Axon loss
  Large vs Small
  Large & Small
  Differential fascicular loss
  Schwann cell Δ
    Bungner bands
    Collagen pockets
Injury patterns
Wallerian degeneration

Gomori trichrome stain
Mild loss of myelinated
axons (red) in a fascicle

Oppenheim 1894

Nerve Injury


Electrophysiology: Changes after nerve transection

Wallerian degeneration

Myelinated axons: Loss

Gomori trichrome stain
Myelinated Axon loss: Moderate

Gomori trichrome stain

VvG stain

Myelinated Axon loss: Severe

Myelinated Axon loss: Large > Small

Toluidine blue stain
Myelinated Axon loss: Small > Large

VvG stain

Axons, Large & Small: Comparative changes

Moderate loss of large axons (Arrow); Small axons are relatively preserved

Neurofilament stain

Axon loss, severe: Large & Small axons are both markedly reduced

Neurofilament stain
Myelinated axons: Severe loss

VvG stain

Wallerian Degeneration 5

    Axon degeneration & loss
        Neurofilament loss
      Irregular structure
        To lipids
    Axon regeneration
    Bungner band
    Collagen pockets
Alternate Degeneration Process
  Trophic-withdrawal Degeneration


Wallerian Degeneration: Principles & Features

  • Wallerian degeneration: Definition
  • Wallerian Degeneration: Morphological & other changes in nerve constituents
    • Stimulus for Wallerian degeneration
      • Distal axon loses connection with proximal axon
    • Wallerian degeneration: Axon changes 7
      • Early
        • Minutes: Changes in axon segments near transsection
          • Short-distance (200 μM): Acute axon degeneration (AAD)
          • Mediated by
            • Extracellular Ca++ influx
              • Anterogradely conduced wave in distal axon
            • Activation of calpain
              • Ca++-dependent serine-threonine protease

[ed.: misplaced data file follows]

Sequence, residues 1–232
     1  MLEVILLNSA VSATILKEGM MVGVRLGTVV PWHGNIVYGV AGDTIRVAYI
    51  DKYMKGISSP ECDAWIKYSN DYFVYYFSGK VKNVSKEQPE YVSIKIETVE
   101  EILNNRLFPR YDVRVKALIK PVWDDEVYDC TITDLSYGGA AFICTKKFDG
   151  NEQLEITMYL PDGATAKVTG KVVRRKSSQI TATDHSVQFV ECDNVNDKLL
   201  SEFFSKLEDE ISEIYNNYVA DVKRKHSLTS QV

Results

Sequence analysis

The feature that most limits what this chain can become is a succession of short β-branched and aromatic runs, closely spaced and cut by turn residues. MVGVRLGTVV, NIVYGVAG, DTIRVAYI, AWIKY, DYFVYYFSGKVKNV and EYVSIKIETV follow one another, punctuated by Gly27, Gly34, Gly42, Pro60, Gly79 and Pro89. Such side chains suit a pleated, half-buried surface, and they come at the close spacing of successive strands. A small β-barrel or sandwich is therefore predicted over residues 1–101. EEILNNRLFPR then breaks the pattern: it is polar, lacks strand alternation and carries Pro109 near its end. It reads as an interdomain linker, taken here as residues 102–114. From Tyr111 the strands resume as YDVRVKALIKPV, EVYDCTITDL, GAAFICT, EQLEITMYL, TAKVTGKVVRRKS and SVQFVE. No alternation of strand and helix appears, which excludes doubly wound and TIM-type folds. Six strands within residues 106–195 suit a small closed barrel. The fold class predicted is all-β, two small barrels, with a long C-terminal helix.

• Intracellular enzyme
          • Inhibited by: Ca++ channel blockers
        • Hours to 2 days
          • Regions near injury: Accumulation of organelles & mitochondria
            • Dystrophic bulbs
            • Occur at both transected ends
            • Mechanism: Anterograde & retrograde axon transport
          • Proximal & Distal axon: Retraction from injury site
          • Distal axon
            • Remains morphologically intact & electrically excitable
            • Axon transport (anterograde & retrograde) continues
          • Proximal stump: Produces sprouts within hours after axotomy
      • Later (≥ 3 days): Changes in distal axon
        • Endoplasmic reticulum: Loss of structure
        • Cytoplasm: Neurofilament & Cytoskeleton Degradation
          • Associated with influx of Ca++
          • Activation of calpain
          • Autophagy-related
        • Mitochondria: Swelling
        • Distal axon morphology: Granular degeneration
          • Becomes fragmented
          • Phagocytosis
          • Direction after focal injury: Proximal to Distal; Rate of up to 24 mm/hr
      • Timing
        • Before degeneration
          • Distal axon segment may remain electrically excitable
          • Sensory responses persist 2 to 3 days longer than motor
          • Conduction failure may precede axon degeneration
          • Time to loss of excitability
            • Facial nerve: 4 to 7 days
            • Arm nerves, Motor: 5 to 7 days
            • Arm nerves, Sensory: 7 to 10 days
        • Degeneration
          • Begins several days (4 to 10) after axonal transection